KANSAS CITY -- This recent stretch has not been a memorable one for the Braves’ three National League MVP Award candidates. But as Freddie Freeman and Ronald Acuña Jr. are attempting to get healthy for the postseason, Josh Donaldson and Dansby Swanson finally have some encouraging results to carry into the regular season’s final weekend.
Donaldson broke out of a funk with a career-high three doubles and Swanson halted a much more concerning skid as the Braves claimed a 10-2 win over the Royals on Wednesday night at Kauffman Stadium. Swanson highlighted his first career four-hit game with a decisive two-run single in the sixth.
“I think that’s very important, from the mental part of it and the confidence level,” manager Brian Snitker said. “Tonight was really a good step in the right direction.”
But there’s also a need to get Donaldson right and back to where he was this summer, when he re-established himself as one of the game’s most imposing hitters. The former American League MVP Award winner had hit .171 (7-for-41) with no extra-base hits over an 11-game stretch before tallying three doubles in this win, which prevented the Royals from sweeping a four-game season series against the Braves.
“Nobody wants to feel bad going into the postseason,” Donaldson said. “Once the [regular] season is over all the numbers are cleared, and it’s all about winning ballgames. I’ve seen some guys who have been cold going into the postseason have monster postseasons. But mentally, you always want to feel like you’re there.”
Donaldson’s RBI double in the two-run fifth inning came off the bat with a 112.6 mph exit velocity per Statcast. His two-bagger in the three-run sixth had a 103.7 mph exit velocity. His double in the four-run eighth had a 107.5 mph exit velocity.
Just seven of the 32 balls (21.9 percent) he put in play while producing a .442 OPS from Sept. 10 through Tuesday had a 100-plus mph exit velocity. Through Sept. 9, 38.6 percent of the balls he had put in play had a triple-digit exit velo. Nelson Cruz (41.8 percent) was the only player (min. 100 balls in play) with a higher percentage within this span.
“Tonight was the best I’ve swung the bat in probably the past five or six games,” Donaldson said.
Much needed boost
While it seemed to be only a matter of time before Donaldson got going again, there were growing concerns about Swanson, who entered the series finale having hit .141 with a .459 OPS over 93 plate appearances since returning from a month-long stint on the injured list.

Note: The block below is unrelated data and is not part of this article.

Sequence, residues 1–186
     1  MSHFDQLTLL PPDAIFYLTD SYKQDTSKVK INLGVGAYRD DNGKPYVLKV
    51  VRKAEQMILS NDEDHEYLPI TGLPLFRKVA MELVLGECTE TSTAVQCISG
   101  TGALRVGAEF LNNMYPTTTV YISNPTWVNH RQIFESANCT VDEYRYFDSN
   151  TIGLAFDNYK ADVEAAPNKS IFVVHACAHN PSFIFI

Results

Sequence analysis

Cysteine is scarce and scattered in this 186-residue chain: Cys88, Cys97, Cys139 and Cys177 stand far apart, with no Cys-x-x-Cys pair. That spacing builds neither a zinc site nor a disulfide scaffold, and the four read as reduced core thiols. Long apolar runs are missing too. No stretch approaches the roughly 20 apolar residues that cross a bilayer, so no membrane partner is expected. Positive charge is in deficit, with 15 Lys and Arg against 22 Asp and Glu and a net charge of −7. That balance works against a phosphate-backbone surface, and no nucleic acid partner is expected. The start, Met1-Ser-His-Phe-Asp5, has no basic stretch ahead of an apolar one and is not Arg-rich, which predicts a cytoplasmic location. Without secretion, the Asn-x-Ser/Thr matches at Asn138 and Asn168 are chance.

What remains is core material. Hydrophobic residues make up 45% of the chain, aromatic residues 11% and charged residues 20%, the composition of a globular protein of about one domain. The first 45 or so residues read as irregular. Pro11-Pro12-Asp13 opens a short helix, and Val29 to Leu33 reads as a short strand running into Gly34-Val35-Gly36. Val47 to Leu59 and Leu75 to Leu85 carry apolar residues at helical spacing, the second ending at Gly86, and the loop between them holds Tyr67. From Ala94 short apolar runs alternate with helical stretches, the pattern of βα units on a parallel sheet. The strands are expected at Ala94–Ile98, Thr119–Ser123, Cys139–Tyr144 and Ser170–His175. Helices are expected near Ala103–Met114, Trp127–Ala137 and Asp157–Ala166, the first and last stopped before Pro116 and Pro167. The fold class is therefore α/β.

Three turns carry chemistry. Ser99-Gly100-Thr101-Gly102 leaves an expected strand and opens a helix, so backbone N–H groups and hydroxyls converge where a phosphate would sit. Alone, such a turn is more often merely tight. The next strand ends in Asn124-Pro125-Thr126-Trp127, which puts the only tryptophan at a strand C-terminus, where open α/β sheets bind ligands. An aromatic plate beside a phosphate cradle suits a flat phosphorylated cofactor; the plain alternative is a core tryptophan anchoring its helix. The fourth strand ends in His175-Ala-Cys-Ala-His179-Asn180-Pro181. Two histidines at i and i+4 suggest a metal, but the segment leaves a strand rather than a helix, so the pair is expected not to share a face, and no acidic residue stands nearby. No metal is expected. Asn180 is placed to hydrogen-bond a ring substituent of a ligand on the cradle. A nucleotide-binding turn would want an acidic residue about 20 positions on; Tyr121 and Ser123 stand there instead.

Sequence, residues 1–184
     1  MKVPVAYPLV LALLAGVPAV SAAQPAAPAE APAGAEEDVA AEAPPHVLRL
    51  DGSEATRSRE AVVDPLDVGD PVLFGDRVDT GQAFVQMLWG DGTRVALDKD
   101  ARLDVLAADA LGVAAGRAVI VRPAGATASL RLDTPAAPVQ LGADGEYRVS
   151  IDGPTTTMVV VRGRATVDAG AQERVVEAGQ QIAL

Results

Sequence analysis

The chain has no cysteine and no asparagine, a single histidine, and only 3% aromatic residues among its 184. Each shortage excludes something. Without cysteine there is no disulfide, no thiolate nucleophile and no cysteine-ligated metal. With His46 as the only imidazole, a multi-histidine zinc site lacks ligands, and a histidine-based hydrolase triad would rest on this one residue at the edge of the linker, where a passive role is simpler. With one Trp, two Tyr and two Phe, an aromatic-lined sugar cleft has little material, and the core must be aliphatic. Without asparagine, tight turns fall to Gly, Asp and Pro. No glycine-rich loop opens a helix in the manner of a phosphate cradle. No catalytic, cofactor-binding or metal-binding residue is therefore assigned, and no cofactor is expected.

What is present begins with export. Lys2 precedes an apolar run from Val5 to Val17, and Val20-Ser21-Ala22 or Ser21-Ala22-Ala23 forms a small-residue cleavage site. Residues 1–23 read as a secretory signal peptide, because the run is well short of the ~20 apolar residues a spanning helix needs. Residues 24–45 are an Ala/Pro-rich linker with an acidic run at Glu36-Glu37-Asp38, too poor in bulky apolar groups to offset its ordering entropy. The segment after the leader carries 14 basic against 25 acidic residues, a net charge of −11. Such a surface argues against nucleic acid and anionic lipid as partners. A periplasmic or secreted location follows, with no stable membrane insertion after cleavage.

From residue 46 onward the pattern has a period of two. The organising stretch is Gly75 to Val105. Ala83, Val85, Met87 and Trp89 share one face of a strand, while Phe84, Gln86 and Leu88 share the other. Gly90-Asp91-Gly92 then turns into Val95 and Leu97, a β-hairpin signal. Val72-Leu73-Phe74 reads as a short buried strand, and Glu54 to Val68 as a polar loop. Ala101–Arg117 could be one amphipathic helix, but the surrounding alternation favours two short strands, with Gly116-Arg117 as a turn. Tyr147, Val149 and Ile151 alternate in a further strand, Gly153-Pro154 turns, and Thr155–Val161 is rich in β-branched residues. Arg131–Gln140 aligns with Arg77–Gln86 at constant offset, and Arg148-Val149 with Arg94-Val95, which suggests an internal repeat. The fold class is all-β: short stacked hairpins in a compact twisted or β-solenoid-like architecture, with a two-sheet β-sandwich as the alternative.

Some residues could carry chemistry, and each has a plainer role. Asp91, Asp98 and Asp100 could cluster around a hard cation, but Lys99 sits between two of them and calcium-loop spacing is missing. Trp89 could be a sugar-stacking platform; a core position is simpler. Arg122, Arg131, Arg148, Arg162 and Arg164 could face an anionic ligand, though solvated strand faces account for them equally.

His struggles reached the point where there was reason to wonder if the Braves might use Adeiny Hechavarria as their starting shortstop in the NLDS. That was likely not going to happen. But Swanson can now enter the final weekend without having to hear or read about that possibility.
Swanson hadn’t had a three-hit game since July 4, and his most recent multi-hit game had been tallied on Sept. 2.
“Obviously, it’s good timing,” Swanson said. “Just being able to see some balls fall and put some barrels on balls can boost where you’re at. There’s a lot of confidence to come from it. But somebody told me, ‘You can always do it once.’ I’ve just got to continue to work to where I need to be and continue to put my head down, and do what I do and try to help us win games.”
Darren O’Day strengthened his postseason roster bid when he struck out the only two Royals batters he faced while pitching on consecutive days for the first time since returning nearly three weeks ago from a 14-month stint on the injured list. Luke Jackson also kept himself in the mix as he struck out the only four batters he faced.
With Mike Soroka’s start pushed back to Sunday, the Braves started long reliever Josh Tomlin, who allowed one run over three innings. Before making his first start of the season, the likeable veteran enjoyed a comical pregame exchange with Donaldson. The veteran third baseman playfully said he had been traded to the Royals for the day to get his confidence back against Tomlin.
“I told him, I’m not going to be here forever,” Tomlin said. “We’re not going to play on the same team forever. I can’t coach you and get you [excited] for every game, and make you go out there and hit three doubles. So you need to figure out how to make that adjustment on your own.”